Supervisors: Raul Vicente, Eduard Barbu, Jaan Aru
Due to their black-box nature, the top-performing AI models are difficult to interpret, and hence trust. Explainable AI is a pressing issue and a major bottleneck towards efficient human-machine interaction. Here, we propose to formalise how humans produce and rate causal-based explanations to simplify and provide human-like explanations of popular machine learning models. The main goal of the project is to incorporate behavioral and cognitive models of human explainability and causal reasoning in providing contrastive explanations (why P rather than Q?) and connecting causes to their main effects. Because large causal chains are usually intractable by humans, the behavioral and cognitive models should allow to select, connect, and present the causes (and their counterfactuals) more relevant for human-level explanations. By instantiating the output of the learned expressions in particular cases, these models will answer queries from the human, such as why a given solution was chosen, or why another solution was not. Local comprehension is key for the human to interpret the model outcomes and reach global comprehension. These models fit the human need for satisfactory and comprehensible explanations and will help humans to better understand decisions made by artificial intelligence systems.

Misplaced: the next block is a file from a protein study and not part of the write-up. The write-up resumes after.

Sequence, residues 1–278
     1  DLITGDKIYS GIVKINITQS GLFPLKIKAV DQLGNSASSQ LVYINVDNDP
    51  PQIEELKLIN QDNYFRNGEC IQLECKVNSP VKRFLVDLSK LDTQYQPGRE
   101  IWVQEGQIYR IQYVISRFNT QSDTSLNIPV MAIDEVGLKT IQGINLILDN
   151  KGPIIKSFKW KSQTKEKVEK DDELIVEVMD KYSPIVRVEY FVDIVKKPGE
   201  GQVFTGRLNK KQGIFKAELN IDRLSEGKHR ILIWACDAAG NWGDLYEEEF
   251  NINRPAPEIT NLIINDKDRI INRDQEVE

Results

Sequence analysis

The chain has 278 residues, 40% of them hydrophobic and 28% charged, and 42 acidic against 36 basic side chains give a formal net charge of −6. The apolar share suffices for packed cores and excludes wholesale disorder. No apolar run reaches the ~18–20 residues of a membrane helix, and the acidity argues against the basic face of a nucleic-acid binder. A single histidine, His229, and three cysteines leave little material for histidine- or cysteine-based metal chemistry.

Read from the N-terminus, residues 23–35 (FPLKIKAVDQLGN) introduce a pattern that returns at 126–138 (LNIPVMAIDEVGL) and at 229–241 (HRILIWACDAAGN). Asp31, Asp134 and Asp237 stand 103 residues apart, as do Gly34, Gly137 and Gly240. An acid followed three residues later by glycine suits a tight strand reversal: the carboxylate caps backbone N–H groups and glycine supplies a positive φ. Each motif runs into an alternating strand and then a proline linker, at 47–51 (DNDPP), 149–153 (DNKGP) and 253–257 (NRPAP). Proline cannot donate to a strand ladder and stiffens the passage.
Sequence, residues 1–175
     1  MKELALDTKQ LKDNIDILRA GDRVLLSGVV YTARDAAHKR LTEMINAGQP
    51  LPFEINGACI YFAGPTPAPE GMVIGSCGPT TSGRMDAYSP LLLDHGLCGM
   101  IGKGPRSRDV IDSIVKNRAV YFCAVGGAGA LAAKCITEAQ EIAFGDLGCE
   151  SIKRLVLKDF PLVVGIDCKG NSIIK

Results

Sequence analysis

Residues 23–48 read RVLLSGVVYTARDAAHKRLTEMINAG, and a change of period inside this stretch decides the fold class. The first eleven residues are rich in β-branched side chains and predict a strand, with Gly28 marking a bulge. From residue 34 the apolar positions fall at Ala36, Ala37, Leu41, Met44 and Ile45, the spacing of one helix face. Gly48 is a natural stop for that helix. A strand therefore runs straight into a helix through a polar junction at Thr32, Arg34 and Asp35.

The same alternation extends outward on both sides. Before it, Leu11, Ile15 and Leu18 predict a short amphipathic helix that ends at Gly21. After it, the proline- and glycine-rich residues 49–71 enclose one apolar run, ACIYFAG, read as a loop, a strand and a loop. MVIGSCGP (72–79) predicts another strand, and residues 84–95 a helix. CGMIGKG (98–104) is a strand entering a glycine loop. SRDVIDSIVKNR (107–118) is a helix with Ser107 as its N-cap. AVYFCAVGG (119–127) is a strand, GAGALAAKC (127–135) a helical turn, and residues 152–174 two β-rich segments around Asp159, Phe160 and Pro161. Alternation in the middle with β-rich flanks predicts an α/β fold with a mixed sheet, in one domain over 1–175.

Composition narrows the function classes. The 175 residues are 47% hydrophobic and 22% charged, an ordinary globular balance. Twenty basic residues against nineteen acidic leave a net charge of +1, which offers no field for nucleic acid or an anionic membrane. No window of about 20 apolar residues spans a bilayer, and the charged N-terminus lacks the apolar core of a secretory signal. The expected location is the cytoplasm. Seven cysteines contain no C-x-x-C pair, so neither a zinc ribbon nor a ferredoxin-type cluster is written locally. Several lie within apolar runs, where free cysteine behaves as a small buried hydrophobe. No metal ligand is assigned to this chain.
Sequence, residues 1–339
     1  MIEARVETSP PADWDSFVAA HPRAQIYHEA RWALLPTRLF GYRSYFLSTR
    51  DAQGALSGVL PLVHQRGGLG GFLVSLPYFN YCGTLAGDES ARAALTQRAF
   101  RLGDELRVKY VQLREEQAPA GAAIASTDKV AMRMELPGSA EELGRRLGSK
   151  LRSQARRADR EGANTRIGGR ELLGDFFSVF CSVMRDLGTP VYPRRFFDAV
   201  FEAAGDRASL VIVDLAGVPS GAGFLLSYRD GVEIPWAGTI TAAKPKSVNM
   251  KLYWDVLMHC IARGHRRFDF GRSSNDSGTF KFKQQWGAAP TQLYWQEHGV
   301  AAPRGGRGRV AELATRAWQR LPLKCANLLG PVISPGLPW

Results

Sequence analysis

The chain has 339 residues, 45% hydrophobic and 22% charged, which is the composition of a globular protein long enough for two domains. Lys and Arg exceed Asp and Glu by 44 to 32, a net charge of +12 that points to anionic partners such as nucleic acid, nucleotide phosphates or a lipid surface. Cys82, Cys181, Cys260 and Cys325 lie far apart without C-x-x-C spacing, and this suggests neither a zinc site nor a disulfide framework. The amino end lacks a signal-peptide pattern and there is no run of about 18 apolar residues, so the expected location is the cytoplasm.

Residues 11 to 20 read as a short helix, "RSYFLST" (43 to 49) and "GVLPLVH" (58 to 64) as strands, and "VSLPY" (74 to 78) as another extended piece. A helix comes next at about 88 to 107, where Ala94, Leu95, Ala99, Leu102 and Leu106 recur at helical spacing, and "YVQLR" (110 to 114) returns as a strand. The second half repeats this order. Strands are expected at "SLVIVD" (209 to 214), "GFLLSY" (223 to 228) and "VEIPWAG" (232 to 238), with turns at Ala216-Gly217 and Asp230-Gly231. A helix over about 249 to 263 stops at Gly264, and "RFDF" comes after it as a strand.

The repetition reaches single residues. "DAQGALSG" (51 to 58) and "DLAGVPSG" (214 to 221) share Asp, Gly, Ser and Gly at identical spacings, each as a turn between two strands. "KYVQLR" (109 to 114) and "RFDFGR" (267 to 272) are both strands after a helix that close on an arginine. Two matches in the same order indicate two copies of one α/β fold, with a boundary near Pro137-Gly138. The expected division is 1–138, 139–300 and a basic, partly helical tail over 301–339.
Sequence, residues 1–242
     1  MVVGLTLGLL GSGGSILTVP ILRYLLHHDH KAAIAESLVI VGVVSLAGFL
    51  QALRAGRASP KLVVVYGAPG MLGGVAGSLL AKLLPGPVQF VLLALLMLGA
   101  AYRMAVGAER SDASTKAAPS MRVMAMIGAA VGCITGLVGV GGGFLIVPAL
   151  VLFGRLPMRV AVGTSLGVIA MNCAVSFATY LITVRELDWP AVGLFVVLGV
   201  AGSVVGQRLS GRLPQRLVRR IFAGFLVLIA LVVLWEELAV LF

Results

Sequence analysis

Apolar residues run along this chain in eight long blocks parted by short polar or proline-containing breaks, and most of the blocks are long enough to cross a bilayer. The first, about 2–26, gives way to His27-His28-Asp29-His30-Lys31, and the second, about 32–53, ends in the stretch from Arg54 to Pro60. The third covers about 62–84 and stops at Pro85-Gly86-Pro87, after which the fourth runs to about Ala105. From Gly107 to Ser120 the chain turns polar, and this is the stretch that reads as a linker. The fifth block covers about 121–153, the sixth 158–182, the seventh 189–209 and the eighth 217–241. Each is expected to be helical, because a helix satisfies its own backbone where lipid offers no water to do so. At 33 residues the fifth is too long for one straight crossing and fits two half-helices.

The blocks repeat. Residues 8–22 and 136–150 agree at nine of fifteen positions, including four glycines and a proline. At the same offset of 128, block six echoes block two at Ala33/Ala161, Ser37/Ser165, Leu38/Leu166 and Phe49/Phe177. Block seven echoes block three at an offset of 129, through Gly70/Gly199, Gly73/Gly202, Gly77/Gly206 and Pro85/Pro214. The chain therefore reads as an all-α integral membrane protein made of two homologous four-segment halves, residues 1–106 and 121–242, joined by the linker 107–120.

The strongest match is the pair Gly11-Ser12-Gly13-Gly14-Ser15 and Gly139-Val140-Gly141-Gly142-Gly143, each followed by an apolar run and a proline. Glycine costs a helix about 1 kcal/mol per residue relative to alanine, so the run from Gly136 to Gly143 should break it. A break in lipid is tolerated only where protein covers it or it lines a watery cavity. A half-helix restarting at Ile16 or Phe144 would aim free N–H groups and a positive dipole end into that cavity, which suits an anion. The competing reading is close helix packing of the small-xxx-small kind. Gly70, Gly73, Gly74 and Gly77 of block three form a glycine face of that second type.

Supervisor: Raimundas Matulevičius
Intelligent infrastructure systems are described as complex socio-technical systems. They use sensors, networks, and processing functions to collect, transfer, process, analyse, and support decision making and assist human activities. However, such a system could suffer from various security and privacy risks. Privacy leakage may impact a person’s safety, health, and well-being. This project aims to develop a systematic approach for security risk and privacy leakage management in intelligent infrastructure systems. The approach will describe a protected system and business assets from different (static, functional, and behavioural) viewpoints. It will characterise security threats and privacy leakages at the perception layer, network, and application layers of the intelligent infrastructure systems. It will reason the selection of countermeasures (security and privacy requirements and their controls) to mitigate identified security risks and data leakages in the intelligent infrastructure systems.